A slowdown in investments in China's economy is seen to adversely affect exporters in Southeast Asia, including the Philippines, according to the International Monetary Fund (IMF)
In its latest World Economic Outlook report, the IMF warned that the slowdown in the Chinese economy will likely affect exporters in the region through the disruption of supply chains.
The IMF said strong growth in emerging market economies was fueled, among others, by a housing boom experienced by China as well as the implementation of macroeconomic stimulus measures to counter the ill effects of the global economic crisis.
It stated that China experienced residential real estate and investment booms that fueled gross domestic product (GDP) growth in 2009 and 2010. The fund warned, however, that these could be "reversed and result in a sharper-than-expected investment slowdown in the future."
The IMF said that this will have an adverse impact on potential growth in emerging Asia and in other regions. Most of the impact of the slowdown will be felt in Asia, particularly on "commodity exporters."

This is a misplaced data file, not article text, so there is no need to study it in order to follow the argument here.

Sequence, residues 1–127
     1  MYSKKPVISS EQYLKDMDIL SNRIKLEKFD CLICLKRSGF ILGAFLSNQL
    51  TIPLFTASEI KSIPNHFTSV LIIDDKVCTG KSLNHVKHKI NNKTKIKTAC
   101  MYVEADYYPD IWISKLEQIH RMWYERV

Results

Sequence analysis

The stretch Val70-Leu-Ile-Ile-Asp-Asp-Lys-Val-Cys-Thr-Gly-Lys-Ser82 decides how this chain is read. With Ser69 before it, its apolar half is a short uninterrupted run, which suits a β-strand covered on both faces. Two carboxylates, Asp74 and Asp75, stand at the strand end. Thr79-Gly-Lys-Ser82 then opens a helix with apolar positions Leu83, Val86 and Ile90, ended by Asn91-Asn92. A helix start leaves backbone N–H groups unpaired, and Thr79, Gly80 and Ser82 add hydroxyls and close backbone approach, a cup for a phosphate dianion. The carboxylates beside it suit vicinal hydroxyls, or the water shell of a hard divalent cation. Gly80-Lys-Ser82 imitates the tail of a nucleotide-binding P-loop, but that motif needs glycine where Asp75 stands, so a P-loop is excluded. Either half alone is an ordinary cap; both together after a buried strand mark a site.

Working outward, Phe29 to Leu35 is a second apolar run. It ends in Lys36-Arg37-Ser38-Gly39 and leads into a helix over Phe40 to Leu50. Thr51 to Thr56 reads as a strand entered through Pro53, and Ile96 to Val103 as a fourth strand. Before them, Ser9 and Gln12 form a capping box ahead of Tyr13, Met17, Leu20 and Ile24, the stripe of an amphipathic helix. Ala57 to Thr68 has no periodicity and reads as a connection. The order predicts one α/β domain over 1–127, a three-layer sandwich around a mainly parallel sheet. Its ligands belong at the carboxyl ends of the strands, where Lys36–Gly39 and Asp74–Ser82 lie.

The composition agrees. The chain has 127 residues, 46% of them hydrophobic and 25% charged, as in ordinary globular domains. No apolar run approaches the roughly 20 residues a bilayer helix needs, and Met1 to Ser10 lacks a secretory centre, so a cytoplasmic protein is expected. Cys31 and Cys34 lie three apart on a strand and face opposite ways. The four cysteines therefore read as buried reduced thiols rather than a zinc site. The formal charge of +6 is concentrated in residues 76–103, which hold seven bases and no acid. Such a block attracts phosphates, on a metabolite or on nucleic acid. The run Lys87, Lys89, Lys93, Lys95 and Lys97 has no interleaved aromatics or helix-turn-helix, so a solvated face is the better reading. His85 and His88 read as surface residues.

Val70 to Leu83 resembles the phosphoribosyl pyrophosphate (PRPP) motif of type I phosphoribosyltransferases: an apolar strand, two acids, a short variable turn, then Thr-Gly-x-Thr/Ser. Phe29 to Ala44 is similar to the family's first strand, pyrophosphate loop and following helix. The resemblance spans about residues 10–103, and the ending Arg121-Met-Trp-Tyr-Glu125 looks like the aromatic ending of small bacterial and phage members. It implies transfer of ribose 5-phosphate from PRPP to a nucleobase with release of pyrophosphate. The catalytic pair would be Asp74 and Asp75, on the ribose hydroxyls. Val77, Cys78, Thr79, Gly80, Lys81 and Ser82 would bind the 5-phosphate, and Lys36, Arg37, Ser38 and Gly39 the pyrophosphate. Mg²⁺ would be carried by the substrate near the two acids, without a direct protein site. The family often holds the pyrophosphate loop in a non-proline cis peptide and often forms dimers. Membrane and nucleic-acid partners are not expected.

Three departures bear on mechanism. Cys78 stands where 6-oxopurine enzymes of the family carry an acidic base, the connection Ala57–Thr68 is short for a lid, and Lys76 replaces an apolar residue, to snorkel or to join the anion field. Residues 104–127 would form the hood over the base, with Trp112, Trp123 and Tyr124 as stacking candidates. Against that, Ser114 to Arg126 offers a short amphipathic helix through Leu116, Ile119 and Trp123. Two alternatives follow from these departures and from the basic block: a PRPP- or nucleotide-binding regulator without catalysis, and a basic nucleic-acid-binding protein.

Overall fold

"Such a shock would strongly affect economies in the highly interlinked Asian supply chain," it said.
The slowdown in China is considered by the IMF as a key medium-term growth risk in its growth projections for Asia's emerging economies.
The IMF projected growth to continue in Asia and the ASEAN regions. The IMF projected Asia's GDP to hit 5.4% this year and 5.8% next year. The same forecasts were given ASEAN.
China is projected to grow by 7.8% this year and 8.2% next year, lower than earlier forecasts of 8% and 8.5%, respectively.
The Philippines, whose fourth-biggest export market is China, is seen to post a 4.8% growth this year and the next.
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